Regular readers of my columns (hi, Dan the kindly editor) know that I often wax philosophic and darn near poetic about a variety of major issues (Ed: get back to work) that confront our great nation and our wonderful state of Colorado. I usually talk about President Trump or other foolishness, and blather on about Colorado’s political scene. And don’t get me wrong, those are important issues. But reading Colorado Politics I came across a story that does a really nice job of highlighting both the importance of political science concepts as well as a vital American and Coloradan issue: electric scooters.
OK, I take that last part back, but the story reports on the Denver City Council unanimously voting in favor of new rules that ban electric scooters from Denver sidewalks. Want to scoot? You need to be on the road or in a bike lane.
As a bike rider and former political science teacher, I find issues like this very interesting, but I confess I would likely not have responded to the article were it not for a recent trip my wife and I made to the Alamo City itself, San Antonio, Texas. Amazingly, in my 25-year military career, I never ended up traveling to the only city I know of that can rival Colorado Springs for the number of major military installations found there. San Antonio, like my own Springs, hosts five major bases or facilities, and thus there is a military feel to the town. Add to that the history of the Alamo (which is very interesting to walk through) and you might expect a wild west town, and in one area you might be right: scooters.
We were amazed to see the number of electric scooters strewn about on the sidewalks of San Antonio. Seven different companies combine to place — wait for it — over 12,000 scooters for public use. They are rented using various methods, and basically, as near as I could figure it out, you pick up any old scooter you find (and they are everywhere, often blocking the sidewalks), fire it up and go. Once you get to your destination, you discard the scooter and go about your day. At night, mysterious trucks pick up and recharge the scooters.
While most Texans drive their scooters in the roadways, there are some on the sidewalks, and a tourist like myself, looking at the sights, might well find himself banged into by a scooter if I don’t pay close attention.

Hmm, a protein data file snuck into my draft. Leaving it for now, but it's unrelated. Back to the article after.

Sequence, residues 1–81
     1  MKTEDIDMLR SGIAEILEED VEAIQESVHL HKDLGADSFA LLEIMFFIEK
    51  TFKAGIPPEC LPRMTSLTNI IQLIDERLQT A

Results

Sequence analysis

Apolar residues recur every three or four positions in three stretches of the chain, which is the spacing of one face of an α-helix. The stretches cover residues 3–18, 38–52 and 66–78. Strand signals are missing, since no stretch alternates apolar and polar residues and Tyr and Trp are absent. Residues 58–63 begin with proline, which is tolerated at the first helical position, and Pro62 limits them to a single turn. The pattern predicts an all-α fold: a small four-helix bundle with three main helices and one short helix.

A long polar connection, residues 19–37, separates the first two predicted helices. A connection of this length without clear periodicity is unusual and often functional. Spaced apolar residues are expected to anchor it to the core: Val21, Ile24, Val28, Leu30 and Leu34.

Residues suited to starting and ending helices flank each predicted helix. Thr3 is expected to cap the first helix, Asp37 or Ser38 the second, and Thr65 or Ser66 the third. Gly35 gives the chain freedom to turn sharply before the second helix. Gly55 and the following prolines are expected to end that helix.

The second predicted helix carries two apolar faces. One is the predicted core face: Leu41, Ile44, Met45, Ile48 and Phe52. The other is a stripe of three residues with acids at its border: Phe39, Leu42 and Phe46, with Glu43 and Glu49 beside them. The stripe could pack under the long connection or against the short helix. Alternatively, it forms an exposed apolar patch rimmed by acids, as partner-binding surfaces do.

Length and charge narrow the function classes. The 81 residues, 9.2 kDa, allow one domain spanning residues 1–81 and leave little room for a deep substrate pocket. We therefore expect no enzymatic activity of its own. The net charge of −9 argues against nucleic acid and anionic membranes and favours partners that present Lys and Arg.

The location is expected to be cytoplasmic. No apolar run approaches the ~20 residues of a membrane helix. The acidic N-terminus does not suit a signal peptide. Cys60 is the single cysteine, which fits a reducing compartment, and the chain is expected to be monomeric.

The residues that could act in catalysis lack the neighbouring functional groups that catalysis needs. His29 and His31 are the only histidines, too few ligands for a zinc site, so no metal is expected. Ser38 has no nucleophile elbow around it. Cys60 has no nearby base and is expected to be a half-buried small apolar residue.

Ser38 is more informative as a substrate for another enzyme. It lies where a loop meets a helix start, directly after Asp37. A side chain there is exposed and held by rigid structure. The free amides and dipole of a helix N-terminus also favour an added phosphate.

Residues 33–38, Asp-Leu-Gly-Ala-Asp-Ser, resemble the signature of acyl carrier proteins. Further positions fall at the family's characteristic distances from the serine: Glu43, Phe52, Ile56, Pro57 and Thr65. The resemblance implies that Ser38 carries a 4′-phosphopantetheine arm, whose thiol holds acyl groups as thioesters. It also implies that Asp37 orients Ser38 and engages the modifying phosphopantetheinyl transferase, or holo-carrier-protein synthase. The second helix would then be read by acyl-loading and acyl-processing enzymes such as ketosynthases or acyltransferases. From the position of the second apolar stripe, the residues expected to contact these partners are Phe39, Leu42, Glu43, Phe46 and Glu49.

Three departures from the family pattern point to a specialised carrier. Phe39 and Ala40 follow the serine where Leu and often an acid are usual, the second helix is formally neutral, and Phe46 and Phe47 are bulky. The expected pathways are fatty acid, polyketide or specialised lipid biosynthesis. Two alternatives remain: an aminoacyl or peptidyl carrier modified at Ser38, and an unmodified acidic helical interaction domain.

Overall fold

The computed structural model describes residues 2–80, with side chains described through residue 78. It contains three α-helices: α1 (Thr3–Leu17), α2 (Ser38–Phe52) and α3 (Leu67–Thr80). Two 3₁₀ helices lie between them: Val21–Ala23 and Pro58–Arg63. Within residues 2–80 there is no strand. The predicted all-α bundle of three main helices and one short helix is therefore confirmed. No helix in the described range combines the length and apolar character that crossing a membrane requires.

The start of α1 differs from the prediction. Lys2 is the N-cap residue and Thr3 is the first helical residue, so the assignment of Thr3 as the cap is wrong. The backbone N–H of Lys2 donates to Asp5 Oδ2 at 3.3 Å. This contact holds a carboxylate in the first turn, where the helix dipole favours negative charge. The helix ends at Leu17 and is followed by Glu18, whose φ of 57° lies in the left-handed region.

Which of course, brings us back to the one significant question in all things political. You’ve heard it from me before, the inherent battle between maintaining order and preserving liberty. All government, from issuing parking tickets to deploying weapons of mass destruction, are efforts by leaders to find that sweet spot that protects liberty while also maintaining enough order for society to thrive.
The members of the Denver City Council have clearly and decisively decided that scooter operators will have their liberty limited (no sidewalks for you!) in order to maintain public safety. After a delightful time in San Antonio (it’s a great city, even if you have to dodge scooters) I offer my congratulations to the Denver leaders, as scooters driving on sidewalks and scooters being left wherever the spirit moved the previous user is not only bothersome, it could be a matter of life or death for some.
I’ve made the point before that we spend way too much time, as involved citizens, looking at the wrong levels of government. We are currently obsessed, or at least interested in, the seemingly daily bizarre behavior emanating from the White House, while also following the, what is it… 217 Democrats running for the presidency? I fall into that trap all too often, and I sat down to write a column about Dem candidates qualifying for the upcoming debate, and I planned on writing about the flaws in a system where remarkable candidates like my old boss, Michael Bennet, can find themselves on the outside looking in, while others with less gravitas may make the grade. I was going to agree with Bennet that the DNC has created a system where it looks more like a reality show than a serious discussion of key issues.
But that stuff is national, and frankly, won’t impact you or me to the same degree that decisions by local governments do.
If you walk or drive in Denver, you care about scooters, even if you haven’t thought of them yet. If you want to see an interesting way of balancing liberty and order, plan a trip to San Antonio and then Denver, and walk the streets. You’ll find your life far more impacted by scooters than national popularity polls. And so, I again urge you to care deeply about local politics. Now if you will excuse me, I must scoot off.
Hal Bidlack is a retired professor of political science and a retired Air Force lieutenant colonel who taught more than 17 years at the U.S. Air Force Academy in Colorado Springs.